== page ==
[LLVMdev] signed/unsigned integers ?

Julien Henry Julien.Henry at imag.fr
Fri Apr 1 02:47:25 PDT 2011

> there is no such information.  You can still consider every type to have values
> in, say, T = [-2^31; 2^31-1].  Probably you are trying to deduce an interval of
> possible values for each register.  You will need to allow intervals to wrap
> around the end of T since (eg) the basic "add" operator in LLVM uses modulo
> arithmetic, i.e. if you add 1 to 2^31-1 you get -2^31, which forces you to use
> wrapping intervals.  Having wrapping intervals makes interval arithmetic more
> tricky but it can still be done.  Whether an operation is signed (eg: sdiv, i.e.
> signed division) or unsigned (eg: udiv, i.e. unsigned division) you need to
> calculate the smallest interval that contains all possible result values given
> the intervals the arguments are known to belong to, or a conservative
> approximation to it.  This is perfectly do-able, it's just that your interval
> for the possible values for the result probably won't always be as precise as
> you would like [*].

Thanks for your suggestions.

Actually, for now, I consider integers as mathematical integers (in 
]-oo; +oo[), and that operators such as add don't overflow.
(indeed, that's incorrect, but I'll work on this later ;) )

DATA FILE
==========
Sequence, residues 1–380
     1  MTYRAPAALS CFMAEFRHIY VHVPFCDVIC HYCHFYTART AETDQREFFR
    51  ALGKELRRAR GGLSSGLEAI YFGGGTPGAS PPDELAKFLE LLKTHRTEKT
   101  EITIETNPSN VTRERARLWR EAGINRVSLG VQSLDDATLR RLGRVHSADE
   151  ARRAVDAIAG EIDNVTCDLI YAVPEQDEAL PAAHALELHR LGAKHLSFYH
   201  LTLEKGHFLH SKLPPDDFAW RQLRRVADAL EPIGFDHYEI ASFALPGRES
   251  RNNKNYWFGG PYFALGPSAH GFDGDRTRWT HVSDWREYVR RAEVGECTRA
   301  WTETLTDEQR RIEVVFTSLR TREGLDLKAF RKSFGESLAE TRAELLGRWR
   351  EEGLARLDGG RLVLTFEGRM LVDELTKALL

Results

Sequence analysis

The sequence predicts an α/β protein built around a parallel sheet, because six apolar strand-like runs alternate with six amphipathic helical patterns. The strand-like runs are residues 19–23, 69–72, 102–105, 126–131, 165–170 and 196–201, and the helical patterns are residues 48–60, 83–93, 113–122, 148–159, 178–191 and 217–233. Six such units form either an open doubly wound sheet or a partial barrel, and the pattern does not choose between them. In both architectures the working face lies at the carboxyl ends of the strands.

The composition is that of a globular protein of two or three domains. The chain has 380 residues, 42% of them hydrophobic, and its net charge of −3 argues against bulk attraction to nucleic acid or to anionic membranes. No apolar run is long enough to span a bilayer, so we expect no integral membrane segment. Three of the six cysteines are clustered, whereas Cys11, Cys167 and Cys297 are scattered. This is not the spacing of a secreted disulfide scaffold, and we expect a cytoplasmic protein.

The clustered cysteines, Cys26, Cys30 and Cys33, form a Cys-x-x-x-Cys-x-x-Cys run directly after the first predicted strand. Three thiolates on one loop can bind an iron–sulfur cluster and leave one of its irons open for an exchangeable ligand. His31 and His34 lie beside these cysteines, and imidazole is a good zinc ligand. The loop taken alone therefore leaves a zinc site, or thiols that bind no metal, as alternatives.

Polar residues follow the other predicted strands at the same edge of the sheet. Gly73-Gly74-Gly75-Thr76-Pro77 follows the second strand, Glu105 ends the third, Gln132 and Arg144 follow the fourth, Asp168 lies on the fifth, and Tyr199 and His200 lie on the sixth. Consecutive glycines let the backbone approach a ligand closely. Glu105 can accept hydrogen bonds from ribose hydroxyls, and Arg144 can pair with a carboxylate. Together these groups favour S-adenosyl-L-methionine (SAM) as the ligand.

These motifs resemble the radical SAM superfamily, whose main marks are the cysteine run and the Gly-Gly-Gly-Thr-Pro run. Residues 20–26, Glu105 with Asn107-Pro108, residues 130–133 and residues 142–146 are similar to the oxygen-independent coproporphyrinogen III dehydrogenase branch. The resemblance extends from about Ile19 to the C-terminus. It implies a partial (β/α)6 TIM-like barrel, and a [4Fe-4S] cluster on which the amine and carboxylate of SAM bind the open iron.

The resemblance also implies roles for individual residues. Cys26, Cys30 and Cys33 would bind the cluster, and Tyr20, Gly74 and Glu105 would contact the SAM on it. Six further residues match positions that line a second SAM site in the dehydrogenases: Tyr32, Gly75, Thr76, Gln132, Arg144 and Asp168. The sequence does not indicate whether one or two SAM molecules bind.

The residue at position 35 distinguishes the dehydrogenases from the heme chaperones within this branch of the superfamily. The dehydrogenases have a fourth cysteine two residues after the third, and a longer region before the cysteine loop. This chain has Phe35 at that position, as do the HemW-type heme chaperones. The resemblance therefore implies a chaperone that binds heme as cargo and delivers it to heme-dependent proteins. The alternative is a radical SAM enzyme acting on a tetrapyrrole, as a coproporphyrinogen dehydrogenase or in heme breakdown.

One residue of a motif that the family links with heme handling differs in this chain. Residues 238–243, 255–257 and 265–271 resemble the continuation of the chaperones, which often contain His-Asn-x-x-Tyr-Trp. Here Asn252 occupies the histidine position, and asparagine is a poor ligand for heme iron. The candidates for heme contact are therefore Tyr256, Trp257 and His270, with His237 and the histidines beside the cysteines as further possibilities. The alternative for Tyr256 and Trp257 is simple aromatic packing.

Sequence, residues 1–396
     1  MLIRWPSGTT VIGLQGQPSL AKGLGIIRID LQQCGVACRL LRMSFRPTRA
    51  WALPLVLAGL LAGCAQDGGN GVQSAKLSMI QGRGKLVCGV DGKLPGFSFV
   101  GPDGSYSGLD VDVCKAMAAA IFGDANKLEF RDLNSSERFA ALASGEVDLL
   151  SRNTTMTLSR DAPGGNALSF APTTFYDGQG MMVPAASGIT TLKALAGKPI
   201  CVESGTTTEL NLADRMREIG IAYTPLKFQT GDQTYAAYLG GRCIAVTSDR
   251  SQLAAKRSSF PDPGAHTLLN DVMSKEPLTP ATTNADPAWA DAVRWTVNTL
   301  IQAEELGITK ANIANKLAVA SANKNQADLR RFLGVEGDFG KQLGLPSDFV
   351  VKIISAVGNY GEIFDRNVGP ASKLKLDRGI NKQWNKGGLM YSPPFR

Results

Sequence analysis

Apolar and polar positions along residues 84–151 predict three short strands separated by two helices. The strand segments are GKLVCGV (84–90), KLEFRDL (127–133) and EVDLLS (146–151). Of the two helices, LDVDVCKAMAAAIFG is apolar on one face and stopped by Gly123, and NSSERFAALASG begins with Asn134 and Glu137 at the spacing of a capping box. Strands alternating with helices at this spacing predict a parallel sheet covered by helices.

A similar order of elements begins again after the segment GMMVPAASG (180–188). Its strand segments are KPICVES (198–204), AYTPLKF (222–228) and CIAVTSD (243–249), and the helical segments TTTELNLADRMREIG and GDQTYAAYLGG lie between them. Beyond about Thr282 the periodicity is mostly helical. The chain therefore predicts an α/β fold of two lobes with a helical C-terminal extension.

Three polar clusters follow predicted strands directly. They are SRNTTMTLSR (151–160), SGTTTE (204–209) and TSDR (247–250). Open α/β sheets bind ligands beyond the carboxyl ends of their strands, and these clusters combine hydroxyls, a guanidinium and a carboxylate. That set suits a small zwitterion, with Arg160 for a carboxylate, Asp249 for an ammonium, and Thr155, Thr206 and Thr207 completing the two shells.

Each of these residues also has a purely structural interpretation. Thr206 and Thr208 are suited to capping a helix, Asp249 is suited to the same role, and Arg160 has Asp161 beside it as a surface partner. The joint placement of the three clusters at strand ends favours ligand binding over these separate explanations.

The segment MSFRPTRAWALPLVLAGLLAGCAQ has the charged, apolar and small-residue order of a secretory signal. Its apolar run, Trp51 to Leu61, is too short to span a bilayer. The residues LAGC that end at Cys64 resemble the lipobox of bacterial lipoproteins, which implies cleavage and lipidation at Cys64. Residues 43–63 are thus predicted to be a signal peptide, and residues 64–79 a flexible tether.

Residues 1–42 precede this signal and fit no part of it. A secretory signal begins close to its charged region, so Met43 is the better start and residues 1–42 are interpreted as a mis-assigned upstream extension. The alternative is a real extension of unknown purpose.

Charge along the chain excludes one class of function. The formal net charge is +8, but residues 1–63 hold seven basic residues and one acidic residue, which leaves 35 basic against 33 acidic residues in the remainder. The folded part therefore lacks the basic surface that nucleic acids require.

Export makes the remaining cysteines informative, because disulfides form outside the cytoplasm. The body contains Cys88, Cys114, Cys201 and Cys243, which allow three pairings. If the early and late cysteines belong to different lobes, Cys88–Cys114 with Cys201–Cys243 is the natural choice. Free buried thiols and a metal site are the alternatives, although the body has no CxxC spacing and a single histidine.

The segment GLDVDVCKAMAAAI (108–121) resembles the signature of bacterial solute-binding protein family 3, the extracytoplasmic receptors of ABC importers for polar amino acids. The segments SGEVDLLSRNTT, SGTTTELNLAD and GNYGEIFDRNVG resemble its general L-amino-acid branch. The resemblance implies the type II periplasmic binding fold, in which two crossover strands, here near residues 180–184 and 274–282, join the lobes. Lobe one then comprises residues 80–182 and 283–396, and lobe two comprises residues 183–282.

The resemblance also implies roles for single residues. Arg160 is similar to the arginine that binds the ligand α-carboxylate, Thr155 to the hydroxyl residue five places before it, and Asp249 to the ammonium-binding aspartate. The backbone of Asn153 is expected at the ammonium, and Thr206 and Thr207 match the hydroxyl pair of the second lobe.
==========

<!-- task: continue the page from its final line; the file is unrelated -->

Suppose I approximate the set of possible values for my variable "x" 
with intervals.
I think there are some cases for which I'll be unable to find precise 
enough invariants, for example, I'd like this:

unsigned x;
// x >= 0
if (x != 0) {
	// x >= 1

but since I consider x in ]-oo; +oo[, I have this:

unsigned x;
// x in ]-oo; +oo[
if (x != 0) {
	// x in ]-oo; +oo[  (because of the abstraction by intervals)

Unfortunately, I think this loss of precision is unavoidable. Maybe if I 
consider programs that never do comparisons between signed and unsigned, 
I could retrieve types from the signedness of the comparison, as me22 

> Some operations may be annotated with the "nsw" (no signed
> wrap) or "nuw" (no unsigned wrap) flags which allows you to do a better job
> if you are willing to assume that the program does not perform undefined
> behaviour.

I tried some examples to understand when these flags are set, because 
maybe it could help me retrieve types as well, but I confess I didn't 
understand well in which case they are set or not.


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